Fury over plan to build bacon plant on old Nazi site

By Oscar Rousseau

- Last updated on GMT

Handl Tyrol 'aware of the responsibility' to respect former Nazi labour site
Handl Tyrol 'aware of the responsibility' to respect former Nazi labour site

Related tags Pork Processing equipment & plant design

Meat processor Handl Tyrol has responded to outrage over its plan to build a bacon and sausage factory on the site of a former Nazi forced labour camp in Austria.

Handl Tyrol wants to build a meat processing plant on the 25-acre site in Haiming, 28 miles west of Innsbruck, despite conceding the area has an “undisputed dark patch in its history​”.

The weaponised-site housed thousands of prisoners during World War Two, all of whom were put to backbreaking work building a hydroelectric dam for the Third Reich.

After the war ended, the site was demolished and remained unused by energy company Tiwag until Handl Tyrol, one of Austria’s top bacon producers, bought the land for an undisclosed sum.

‘Weaponised’ labour camp

In a statement to GlobalMeatNews​, a representative for Handl Tyrol did not confirm whether the company would back away from its plans to build a factory on the former Nazi site.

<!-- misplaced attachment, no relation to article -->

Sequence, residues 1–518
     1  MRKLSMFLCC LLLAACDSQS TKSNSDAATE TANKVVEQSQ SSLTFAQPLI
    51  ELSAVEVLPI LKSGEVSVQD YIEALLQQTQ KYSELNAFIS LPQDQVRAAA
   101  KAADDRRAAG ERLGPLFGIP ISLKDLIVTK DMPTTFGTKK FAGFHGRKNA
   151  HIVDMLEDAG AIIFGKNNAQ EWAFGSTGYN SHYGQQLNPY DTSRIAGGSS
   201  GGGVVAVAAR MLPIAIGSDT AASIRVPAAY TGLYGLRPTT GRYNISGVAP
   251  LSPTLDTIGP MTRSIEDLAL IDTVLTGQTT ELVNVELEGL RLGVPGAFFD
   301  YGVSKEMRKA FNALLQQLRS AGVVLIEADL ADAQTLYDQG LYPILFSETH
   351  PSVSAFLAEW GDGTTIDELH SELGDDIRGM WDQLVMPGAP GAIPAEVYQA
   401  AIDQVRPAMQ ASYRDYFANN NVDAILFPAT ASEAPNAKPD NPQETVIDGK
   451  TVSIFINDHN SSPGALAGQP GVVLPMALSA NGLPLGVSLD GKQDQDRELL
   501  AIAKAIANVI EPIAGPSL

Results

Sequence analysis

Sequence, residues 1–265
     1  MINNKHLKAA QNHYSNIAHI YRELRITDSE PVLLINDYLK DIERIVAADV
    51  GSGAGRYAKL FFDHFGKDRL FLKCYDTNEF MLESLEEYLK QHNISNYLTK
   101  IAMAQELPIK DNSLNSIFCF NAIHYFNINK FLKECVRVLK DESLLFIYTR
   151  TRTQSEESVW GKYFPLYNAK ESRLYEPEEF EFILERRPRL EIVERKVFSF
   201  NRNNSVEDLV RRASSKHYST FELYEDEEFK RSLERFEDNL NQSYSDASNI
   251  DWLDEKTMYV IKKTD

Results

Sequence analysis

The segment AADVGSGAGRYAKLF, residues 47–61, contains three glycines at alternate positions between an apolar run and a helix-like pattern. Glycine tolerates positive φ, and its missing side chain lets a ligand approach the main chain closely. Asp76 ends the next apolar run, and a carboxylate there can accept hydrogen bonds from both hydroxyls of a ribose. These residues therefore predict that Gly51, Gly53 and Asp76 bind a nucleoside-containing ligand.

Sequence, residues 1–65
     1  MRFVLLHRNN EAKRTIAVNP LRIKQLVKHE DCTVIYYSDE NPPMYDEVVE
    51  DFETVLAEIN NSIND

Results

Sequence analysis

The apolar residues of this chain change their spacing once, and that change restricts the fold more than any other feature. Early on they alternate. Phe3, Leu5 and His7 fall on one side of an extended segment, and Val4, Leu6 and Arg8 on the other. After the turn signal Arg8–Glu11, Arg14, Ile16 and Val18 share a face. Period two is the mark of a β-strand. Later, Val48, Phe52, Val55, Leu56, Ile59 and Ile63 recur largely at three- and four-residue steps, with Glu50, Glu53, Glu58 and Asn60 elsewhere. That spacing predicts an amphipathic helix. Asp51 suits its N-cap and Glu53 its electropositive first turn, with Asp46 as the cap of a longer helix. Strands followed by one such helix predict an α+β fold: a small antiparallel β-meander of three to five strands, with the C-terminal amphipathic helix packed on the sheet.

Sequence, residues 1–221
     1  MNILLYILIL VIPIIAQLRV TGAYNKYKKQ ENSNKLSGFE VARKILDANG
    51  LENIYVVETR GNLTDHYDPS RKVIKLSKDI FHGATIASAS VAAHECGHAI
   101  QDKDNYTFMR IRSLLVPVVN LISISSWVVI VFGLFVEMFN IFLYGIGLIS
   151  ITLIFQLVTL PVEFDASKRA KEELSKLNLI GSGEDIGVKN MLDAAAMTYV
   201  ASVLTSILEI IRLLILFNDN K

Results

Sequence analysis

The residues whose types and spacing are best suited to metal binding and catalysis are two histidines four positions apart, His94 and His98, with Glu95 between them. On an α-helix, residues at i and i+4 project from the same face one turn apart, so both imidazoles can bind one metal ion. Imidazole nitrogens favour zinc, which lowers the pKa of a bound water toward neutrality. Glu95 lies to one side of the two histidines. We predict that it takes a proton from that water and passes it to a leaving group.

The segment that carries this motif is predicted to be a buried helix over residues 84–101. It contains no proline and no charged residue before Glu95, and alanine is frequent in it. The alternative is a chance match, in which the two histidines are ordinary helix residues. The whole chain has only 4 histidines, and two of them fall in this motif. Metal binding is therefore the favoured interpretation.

The purchased area in Haiming has an undisputed dark patch in its history,​” the spokesperson said.

During the Second World War the area Beinkorb-Wiese was weaponised as a labour camp for the construction of a power station as well as a wind tunnel.

The Austrian Federal Monuments Office are investigating precisely the complete area to document everything from this territory. Those works are not complete yet. We are deeply aware of the responsibility we have.

Moreover Tirol Land has demonstrated on several occasions, that the scientific editing, especially the National-Socialist past is a matter of concern. So it is for us.​”

A dispute is ongoing, lodged by heirs of former landowners who claim their families were forced to sell the land at low rates by the Nazis.

According to a report by The Times​ earlier this week, Handl Tyrol said the dispute was between previous owner Tiwag and the former landowners. Tiwag could not be reached for comment at the time of writing.

Seperately, the European Union faced pressure in 2016 after a group supporting the Roma community called on Brussels to ends subsidising a pig farm on a former Holocaust site.

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